They could lead the way to Hi-Def displays that are large, almost paper thin, and portable. While everyone is fully cognizant of the more common terms, such as LCD (Liquid Crystal Display) and Plasma; which fortunately is not an acronym, but a rather a descriptive term of the weird, futuristic, fourth state of matter science going on behind the flat panel, there continue to be new sets of letters, and the latest seem to end in “ed”. Since the attack of the “eds” is all good news for lovers of state-of-the-art technology, I will attempt to elucidate some of the important points in an easy to understand way beginning with OLED.
Surprisingly, OLED is already in use in some smaller video applications such as cell phones and digital camera displays. It could have an extremely bright future in FPD (flat panel display), but its debut into the world of widespread mass production and sales in television is still a year or two off. Samsung has released a prototype 40-inch HDTV using OLED that is extremely thin. In the future, we could see an OLED set that is twice as large and only a fraction of an inch thick! It will even be possible to roll up these extremely thin screens and carry them around!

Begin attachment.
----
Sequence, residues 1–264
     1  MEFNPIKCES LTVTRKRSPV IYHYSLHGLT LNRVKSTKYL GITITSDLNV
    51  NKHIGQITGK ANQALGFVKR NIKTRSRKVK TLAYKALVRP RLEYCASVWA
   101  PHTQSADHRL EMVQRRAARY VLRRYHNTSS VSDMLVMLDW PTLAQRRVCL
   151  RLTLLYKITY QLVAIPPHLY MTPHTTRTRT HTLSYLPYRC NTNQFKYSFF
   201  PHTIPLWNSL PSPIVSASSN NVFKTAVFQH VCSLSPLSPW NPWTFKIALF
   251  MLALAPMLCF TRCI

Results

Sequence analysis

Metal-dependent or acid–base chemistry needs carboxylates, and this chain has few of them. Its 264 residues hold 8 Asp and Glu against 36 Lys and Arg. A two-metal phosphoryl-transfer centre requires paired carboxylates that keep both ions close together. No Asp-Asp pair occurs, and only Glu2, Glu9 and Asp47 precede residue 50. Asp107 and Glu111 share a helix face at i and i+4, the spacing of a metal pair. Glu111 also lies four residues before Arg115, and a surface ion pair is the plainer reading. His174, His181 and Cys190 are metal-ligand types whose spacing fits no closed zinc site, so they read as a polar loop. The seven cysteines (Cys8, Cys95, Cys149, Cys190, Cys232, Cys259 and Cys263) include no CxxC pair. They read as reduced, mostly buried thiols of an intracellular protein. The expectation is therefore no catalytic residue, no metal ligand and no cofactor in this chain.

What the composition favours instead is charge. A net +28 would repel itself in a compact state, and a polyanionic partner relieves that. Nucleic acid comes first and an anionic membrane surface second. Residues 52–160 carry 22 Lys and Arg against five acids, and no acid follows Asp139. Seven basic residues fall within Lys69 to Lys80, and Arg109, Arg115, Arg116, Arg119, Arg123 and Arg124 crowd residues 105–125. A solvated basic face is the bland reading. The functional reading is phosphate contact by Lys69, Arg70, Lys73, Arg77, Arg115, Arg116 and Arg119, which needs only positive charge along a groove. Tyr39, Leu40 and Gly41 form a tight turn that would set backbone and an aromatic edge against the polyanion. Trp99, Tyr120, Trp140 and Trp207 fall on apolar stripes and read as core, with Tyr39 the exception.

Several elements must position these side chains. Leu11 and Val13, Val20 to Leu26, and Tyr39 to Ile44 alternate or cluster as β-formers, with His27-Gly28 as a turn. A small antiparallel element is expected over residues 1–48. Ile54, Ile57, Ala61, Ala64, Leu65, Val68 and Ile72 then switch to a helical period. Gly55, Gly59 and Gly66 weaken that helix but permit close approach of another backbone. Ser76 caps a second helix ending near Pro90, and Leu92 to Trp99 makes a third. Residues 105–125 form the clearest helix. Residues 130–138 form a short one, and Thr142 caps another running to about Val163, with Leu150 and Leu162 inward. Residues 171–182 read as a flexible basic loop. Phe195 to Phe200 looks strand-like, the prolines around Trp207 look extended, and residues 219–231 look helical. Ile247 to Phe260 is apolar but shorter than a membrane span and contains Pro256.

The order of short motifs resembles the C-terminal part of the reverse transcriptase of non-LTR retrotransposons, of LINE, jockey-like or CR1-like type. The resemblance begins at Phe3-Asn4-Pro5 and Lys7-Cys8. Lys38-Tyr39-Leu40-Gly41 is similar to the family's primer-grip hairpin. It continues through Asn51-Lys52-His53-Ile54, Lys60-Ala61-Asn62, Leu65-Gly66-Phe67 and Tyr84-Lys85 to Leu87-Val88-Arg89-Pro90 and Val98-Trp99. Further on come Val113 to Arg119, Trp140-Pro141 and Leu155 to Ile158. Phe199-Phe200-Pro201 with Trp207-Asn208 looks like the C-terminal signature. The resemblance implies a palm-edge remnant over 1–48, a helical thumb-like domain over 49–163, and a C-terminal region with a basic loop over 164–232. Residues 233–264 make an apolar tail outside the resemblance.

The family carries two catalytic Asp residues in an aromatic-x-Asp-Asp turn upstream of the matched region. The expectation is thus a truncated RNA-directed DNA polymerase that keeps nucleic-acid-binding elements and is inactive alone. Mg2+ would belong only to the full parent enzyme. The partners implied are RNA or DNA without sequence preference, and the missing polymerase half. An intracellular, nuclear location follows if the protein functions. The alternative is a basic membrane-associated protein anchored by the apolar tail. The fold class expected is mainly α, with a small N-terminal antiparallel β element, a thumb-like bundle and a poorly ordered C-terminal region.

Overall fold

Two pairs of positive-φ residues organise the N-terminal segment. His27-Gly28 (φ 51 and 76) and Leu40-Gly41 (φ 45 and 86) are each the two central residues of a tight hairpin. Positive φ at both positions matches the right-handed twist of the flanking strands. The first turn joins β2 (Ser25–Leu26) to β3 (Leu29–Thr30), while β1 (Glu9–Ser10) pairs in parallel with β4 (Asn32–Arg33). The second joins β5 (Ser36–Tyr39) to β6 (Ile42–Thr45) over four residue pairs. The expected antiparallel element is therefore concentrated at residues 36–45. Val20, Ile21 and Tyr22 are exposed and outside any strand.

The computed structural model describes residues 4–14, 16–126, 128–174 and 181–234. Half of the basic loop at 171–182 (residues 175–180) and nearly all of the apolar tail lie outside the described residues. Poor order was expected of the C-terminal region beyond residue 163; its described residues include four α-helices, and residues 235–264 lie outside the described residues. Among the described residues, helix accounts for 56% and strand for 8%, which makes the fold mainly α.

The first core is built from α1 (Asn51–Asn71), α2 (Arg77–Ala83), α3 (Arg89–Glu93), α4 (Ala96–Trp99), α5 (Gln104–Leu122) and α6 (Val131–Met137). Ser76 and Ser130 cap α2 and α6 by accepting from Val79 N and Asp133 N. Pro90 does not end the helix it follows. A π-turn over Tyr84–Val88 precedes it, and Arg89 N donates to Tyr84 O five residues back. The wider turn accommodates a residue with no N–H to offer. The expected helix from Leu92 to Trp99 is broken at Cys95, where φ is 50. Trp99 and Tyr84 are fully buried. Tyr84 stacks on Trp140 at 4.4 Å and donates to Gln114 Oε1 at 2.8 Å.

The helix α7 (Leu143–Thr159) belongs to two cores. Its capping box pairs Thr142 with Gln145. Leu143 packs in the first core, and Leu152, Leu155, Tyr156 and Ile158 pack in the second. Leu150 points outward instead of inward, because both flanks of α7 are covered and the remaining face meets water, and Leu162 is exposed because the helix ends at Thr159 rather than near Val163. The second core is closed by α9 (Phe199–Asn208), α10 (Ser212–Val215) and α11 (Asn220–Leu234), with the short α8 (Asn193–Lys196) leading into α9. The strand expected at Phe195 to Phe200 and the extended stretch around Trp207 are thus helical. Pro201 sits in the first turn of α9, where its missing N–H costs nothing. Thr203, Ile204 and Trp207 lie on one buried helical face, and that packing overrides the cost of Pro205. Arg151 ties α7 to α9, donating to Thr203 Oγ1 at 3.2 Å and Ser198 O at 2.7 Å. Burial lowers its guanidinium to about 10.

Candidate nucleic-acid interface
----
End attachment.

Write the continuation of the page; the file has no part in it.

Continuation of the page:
OLED works by conducting electrons through layers of organic materials that emit light to create the standards of current high definition television. Photons (particles of light) are emitted as electrons are sent from a cathode layer across two or three layers of organic material (the “o” in oled) to the anode layer. The colors of the HDTV are determined by the type of organic material used in the emissive layer and the brightness of the picture seen by the viewer’s eye is controlled by the level of voltage used. The “O” in OLED stands for organic material, which in this case means a carbon based chain of molecules, also known as a polymer.
OLED promises to give us extremely wide screen, HD televisions that could be only a few millimeters thick and use very little electricity. The tiny amounts of electrical power needed to power this type of display can solve the problem of hot operating temperatures in today’s LCD and Plasma sets. Newer generations of HD (High Definition) technologies are constantly being invented. There are already at least six types of OLED technology now in existence. It will be fascinating to view the subsequent forms of flat panel displays using OLED, as they begin to populate our world.